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Belles On Their Toes

At Loew's State and Orpheum

By Edward J. Coughlin

Three-and-a-half hours of Jean Crain and Janet Leigh in one double-feature is as good an excuse as any to forget that Thursday exam for one evening.

It seems that some time ago MGM made a lot of money with a movie called "Cheaper By the Dozen," and decided to produce a sequel. Because "Son of Cheaper By the Dozen" sounded foolish, and for probably no other reason at all, it was named "Belles On Their Toes." It continues the story of a prolific female engineer, her twelve miraculously self-sufficient off-spring, and a servant named Hoagy Carmichael. It is not an insufferably hilarious picture. In the maudlin machinations of twelve small children there is probably warm, lovable, nostalgic, human appeal, if you happen to like that sort of thing.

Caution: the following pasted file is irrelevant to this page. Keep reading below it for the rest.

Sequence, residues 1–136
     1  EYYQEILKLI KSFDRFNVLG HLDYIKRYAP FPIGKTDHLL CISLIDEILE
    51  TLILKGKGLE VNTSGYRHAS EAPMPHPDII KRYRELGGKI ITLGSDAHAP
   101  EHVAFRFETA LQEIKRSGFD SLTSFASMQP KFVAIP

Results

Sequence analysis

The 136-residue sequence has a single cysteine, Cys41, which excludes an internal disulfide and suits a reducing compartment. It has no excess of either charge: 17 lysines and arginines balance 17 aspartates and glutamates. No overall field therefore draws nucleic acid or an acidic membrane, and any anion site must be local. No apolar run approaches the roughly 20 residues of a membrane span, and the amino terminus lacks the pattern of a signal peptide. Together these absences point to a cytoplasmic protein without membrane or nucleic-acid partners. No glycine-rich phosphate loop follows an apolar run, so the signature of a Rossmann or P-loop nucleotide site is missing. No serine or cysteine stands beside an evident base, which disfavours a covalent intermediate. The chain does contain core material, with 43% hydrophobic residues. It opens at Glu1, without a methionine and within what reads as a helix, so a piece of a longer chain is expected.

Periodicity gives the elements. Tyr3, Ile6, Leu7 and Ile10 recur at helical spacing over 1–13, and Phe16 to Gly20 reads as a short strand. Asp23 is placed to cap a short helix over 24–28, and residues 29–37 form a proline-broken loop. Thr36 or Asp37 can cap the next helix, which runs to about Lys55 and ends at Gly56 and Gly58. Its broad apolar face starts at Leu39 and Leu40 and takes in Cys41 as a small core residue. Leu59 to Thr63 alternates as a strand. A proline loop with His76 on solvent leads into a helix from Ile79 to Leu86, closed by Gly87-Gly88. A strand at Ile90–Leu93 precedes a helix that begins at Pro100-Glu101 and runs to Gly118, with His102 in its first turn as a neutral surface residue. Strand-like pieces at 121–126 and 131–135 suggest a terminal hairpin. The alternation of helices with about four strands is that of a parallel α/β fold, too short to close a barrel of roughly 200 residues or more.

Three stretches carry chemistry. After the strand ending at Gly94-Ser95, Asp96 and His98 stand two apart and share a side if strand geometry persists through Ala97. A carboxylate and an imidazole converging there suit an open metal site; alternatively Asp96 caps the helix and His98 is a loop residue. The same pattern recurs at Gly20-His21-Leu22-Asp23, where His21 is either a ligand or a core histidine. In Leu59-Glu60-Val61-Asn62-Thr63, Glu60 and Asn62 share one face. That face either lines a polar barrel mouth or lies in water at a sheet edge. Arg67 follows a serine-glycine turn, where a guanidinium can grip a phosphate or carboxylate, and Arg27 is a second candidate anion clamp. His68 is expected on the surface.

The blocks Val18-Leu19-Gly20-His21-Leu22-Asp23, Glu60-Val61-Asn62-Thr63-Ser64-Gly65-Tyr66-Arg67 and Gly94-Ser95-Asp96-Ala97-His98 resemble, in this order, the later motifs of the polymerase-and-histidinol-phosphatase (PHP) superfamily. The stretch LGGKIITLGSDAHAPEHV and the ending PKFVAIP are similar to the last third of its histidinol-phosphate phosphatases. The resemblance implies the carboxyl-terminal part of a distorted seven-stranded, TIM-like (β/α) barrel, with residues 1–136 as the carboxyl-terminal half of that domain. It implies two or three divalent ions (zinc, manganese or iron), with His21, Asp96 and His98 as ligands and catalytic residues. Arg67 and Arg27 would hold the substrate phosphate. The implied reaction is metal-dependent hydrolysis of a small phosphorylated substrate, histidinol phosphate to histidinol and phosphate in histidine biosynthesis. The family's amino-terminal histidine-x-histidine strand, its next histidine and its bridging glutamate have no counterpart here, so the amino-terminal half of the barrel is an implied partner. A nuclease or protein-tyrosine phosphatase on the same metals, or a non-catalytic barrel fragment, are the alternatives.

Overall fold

There is hardly any sex.

The sex is saved for the second feature, "Just This Once," which has Janet Leigh in a sweater, a double-feature in itself. This picture takes the fairly standard gimmicks of a lady barrister and a spendthrift young multimillionaire and parlays them, principally by clever dialogue, into an extremely funny story. It is really a better movie than the feature.

The moral: if this review instills in you an unquenchable desire to run all the way to the Orpheum with eighty-five cents clutched in your hot, sweaty little palm, get there by eight-thirty. On second thought, try eight-fifteen. There may be a cartoon.

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